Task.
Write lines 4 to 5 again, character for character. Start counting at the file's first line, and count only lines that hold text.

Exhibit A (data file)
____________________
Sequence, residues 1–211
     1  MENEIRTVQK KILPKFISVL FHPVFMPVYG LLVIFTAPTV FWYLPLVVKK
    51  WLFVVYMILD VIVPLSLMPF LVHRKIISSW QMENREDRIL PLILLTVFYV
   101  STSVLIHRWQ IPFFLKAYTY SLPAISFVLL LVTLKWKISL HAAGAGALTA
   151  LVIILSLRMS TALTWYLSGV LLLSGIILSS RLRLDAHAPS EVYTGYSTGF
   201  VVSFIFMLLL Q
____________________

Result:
   101  STSVLIHRWQ IPFFLKAYTY SLPAISFVLL LVTLKWKISL HAAGAGALTA
   151  LVIILSLRMS TALTWYLSGV LLLSGIILSS RLRLDAHAPS EVYTGYSTGF